When I Knew the film is inspired by Robert Trachtenburg's book of the same name. What was it like working from that source material?
Interview with Randy Barbato
It's invigorating and inspiring to even be able to make a film like this where people can reveal themselves and talk about this subject the way they do in the film. It reminds us how far we've come.
It wasn't a huge leap in terms of being excited and inspired by the material. For us the biggest challenge was how do we take it to the next step? We ended up going all around the country, and interviewed about a hundred and fifty people. The first day we filmed in Philadelphia we knew we were tapping into something really special. We took out some local ads and talked to a couple gay and lesbian centers there. We rented space in a hotel, and about a hundred people showed up--you'd think it was an American Idol audition.
We spoke with HBO that night and said, "What are we gonna do? There's so many people and every story is so compelling. We have something bigger here." That's when we started talking about this idea of creating wheniknew.com, that maybe this was more than just a film. And in essence that's what we've done. In some ways When I Knew the film is a trailer for wheniknew.com where we plan to feature all of the interviews we did, and also allow people to upload their own interviews. We're also using a video booth that we've taken around the country to different film festivals where people can share their own stories. So, it's pretty exciting.
How did you pick the stories that ended up in the film?
The stories were all so good, but ultimately we picked stories that moved us emotionally the most; stories that made us laugh, or brought a tear to our eye. It was more of an emotional mosaic that emerged, and it also just so happened that we had this group of people that really do represent young, old, black, white, hot, not so hot.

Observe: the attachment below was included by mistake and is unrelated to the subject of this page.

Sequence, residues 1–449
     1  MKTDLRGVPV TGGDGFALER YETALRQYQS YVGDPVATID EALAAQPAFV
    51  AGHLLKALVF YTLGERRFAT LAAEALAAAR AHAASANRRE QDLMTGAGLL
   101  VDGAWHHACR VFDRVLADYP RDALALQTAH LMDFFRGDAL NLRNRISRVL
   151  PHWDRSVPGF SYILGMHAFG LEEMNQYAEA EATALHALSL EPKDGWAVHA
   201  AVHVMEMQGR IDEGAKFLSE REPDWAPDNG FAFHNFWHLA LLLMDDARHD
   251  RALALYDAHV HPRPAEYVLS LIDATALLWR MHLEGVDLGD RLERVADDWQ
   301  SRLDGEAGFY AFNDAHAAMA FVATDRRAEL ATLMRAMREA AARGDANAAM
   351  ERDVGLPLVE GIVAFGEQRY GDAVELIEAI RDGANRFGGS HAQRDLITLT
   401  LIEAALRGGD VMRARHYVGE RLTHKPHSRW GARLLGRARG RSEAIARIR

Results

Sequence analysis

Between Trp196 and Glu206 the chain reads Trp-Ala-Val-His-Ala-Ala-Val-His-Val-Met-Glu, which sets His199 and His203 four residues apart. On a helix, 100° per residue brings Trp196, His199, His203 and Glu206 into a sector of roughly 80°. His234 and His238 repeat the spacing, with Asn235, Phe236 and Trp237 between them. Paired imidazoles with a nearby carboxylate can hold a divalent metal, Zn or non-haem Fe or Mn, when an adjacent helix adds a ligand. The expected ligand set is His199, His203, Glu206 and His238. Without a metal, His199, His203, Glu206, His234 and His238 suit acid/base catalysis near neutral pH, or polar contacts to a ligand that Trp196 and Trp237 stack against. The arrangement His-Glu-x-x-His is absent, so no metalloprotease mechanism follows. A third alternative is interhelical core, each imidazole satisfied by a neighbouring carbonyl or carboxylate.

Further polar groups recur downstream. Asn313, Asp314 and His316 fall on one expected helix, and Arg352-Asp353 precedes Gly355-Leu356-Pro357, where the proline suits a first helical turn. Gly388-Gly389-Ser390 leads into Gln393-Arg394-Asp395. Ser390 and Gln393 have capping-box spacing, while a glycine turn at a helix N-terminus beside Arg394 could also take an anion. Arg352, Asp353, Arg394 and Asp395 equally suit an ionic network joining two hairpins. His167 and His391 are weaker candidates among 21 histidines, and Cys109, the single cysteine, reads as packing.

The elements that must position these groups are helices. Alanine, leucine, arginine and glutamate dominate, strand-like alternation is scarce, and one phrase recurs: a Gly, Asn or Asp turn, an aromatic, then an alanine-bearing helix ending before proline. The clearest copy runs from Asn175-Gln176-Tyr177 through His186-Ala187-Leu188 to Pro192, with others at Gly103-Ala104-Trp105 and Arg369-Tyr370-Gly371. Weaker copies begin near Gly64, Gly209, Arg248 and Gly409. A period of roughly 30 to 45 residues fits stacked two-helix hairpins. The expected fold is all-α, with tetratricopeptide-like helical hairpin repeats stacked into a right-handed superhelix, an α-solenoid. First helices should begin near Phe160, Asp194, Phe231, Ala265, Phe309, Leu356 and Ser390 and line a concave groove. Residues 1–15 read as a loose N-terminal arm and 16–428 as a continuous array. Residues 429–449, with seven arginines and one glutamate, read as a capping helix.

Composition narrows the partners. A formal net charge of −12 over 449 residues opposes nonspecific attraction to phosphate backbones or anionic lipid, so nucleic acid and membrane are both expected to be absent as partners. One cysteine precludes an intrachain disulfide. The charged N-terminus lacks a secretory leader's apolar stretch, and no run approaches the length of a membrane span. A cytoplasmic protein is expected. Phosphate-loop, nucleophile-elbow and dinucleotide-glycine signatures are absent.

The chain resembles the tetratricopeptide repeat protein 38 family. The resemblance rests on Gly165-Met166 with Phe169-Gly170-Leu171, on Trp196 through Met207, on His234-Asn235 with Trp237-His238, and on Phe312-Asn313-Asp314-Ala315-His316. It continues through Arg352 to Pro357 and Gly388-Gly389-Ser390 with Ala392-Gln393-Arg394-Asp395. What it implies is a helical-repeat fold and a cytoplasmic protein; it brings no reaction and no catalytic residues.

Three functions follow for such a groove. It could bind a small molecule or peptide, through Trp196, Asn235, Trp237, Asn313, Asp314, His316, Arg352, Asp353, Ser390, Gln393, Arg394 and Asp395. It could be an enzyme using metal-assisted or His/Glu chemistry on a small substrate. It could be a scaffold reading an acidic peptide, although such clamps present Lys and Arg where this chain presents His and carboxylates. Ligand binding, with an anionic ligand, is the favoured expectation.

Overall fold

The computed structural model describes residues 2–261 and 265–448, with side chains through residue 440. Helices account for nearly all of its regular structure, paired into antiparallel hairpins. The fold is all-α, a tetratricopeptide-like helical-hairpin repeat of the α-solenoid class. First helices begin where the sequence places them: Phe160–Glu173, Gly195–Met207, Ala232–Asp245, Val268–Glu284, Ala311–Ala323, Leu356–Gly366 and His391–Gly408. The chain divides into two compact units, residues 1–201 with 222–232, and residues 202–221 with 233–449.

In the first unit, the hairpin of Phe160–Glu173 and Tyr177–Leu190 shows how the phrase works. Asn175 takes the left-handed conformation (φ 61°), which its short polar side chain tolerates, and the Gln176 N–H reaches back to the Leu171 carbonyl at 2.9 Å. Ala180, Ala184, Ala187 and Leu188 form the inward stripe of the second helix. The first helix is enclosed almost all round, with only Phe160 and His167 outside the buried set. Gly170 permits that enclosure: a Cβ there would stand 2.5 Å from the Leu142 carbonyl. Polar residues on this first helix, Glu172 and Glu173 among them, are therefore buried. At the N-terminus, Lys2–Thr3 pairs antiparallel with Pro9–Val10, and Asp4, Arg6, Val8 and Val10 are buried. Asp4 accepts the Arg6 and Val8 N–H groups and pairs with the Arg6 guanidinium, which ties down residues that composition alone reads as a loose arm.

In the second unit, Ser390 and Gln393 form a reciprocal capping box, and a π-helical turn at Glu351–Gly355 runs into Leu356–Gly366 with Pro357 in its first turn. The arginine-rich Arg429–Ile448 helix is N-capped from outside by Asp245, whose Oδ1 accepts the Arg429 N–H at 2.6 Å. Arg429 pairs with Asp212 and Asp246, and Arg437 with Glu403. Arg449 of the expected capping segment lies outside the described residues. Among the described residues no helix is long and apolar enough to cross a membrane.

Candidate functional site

It's interesting to see how far we've evolved, culturally, where this kind of subject matter can be spoken about so openly. What do you think it says about our society that you were able to capture so many intimate, revealing moments?
It's about making something that might contribute to the way not just gays or lesbians might openly talk... but also for heterosexuals to get a better understanding of what it might be like for a young person to discover that they are different, that there might be something about themselves that they can't even share with their own family.
It's invigorating and inspiring to even be able to make a film like this where people can reveal themselves and talk about this subject the way they do in the film. It reminds us how far we've come. When you think about the traditional rite of passage for most gays and lesbians, it's that moment when they come out and share a huge part of their identity with other people, when they say, "I am gay," or "I am lesbian." And for many years that's really been the talking point and the story that we share. This film is really not about that moment, but this other moment when you first make that discovery, or you first start to realize that you're gay.
And the sad thing is, from the moment of "when I knew" to the moment of "when I came out," there's all that time in between which for so many people is a very difficult and challenging time. That's what the inspiration of making this film was about: reducing the time from when people knew to when people came out. It's about making something that might contribute to the way not just gays or lesbians might openly talk about that and remember that, but also for heterosexuals to get a better understanding of what it might be like for a young person to discover that they are different, that there might be something about themselves that they can't even share with their own family.
It's important for people to understand that the very core of your identity is something that for many young gays and lesbians they often fear sharing with their own family. Because of this, it's really important for parents to see this movie. Because parents have no control over whether their child is straight or gay, but what you do have control over is supporting and loving and protecting them.